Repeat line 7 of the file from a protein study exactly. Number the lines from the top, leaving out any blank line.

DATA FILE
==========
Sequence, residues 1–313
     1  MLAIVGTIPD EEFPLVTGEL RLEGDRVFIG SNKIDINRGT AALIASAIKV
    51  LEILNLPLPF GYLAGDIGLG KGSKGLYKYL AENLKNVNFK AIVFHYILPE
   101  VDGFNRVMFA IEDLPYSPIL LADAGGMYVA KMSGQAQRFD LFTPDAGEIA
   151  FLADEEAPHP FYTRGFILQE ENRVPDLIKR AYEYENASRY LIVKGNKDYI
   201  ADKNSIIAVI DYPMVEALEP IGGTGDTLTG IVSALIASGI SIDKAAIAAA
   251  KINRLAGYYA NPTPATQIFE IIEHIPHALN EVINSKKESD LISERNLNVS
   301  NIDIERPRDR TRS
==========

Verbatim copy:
   251  KINRLAGYYA NPTPATQIFE IIEHIPHALN EVINSKKESD LISERNLNVS